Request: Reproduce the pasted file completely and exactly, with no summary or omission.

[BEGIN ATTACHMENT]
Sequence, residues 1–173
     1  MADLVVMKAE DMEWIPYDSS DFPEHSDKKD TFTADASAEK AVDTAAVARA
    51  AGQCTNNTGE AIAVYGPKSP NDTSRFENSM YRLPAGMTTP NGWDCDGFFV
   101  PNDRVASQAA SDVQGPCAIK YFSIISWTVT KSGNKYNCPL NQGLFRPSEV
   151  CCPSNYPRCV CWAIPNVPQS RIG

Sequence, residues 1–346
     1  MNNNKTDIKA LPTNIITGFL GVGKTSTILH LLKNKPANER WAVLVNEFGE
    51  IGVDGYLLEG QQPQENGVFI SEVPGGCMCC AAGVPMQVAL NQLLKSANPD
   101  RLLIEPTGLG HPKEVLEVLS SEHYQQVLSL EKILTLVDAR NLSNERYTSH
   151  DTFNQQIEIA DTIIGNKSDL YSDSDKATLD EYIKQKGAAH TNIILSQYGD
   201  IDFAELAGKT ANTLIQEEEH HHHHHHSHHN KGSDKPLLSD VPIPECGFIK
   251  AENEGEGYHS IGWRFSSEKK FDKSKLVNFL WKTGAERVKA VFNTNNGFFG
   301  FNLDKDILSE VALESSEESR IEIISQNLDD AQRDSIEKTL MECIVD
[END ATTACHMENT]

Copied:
Sequence, residues 1–173
     1  MADLVVMKAE DMEWIPYDSS DFPEHSDKKD TFTADASAEK AVDTAAVARA
    51  AGQCTNNTGE AIAVYGPKSP NDTSRFENSM YRLPAGMTTP NGWDCDGFFV
   101  PNDRVASQAA SDVQGPCAIK YFSIISWTVT KSGNKYNCPL NQGLFRPSEV
   151  CCPSNYPRCV CWAIPNVPQS RIG

Sequence, residues 1–346
     1  MNNNKTDIKA LPTNIITGFL GVGKTSTILH LLKNKPANER WAVLVNEFGE
    51  IGVDGYLLEG QQPQENGVFI SEVPGGCMCC AAGVPMQVAL NQLLKSANPD
   101  RLLIEPTGLG HPKEVLEVLS SEHYQQVLSL EKILTLVDAR NLSNERYTSH
   151  DTFNQQIEIA DTIIGNKSDL YSDSDKATLD EYIKQKGAAH TNIILSQYGD
   201  IDFAELAGKT ANTLIQEEEH HHHHHHSHHN KGSDKPLLSD VPIPECGFIK
   251  AENEGEGYHS IGWRFSSEKK FDKSKLVNFL WKTGAERVKA VFNTNNGFFG
   301  FNLDKDILSE VALESSEESR IEIISQNLDD AQRDSIEKTL MECIVD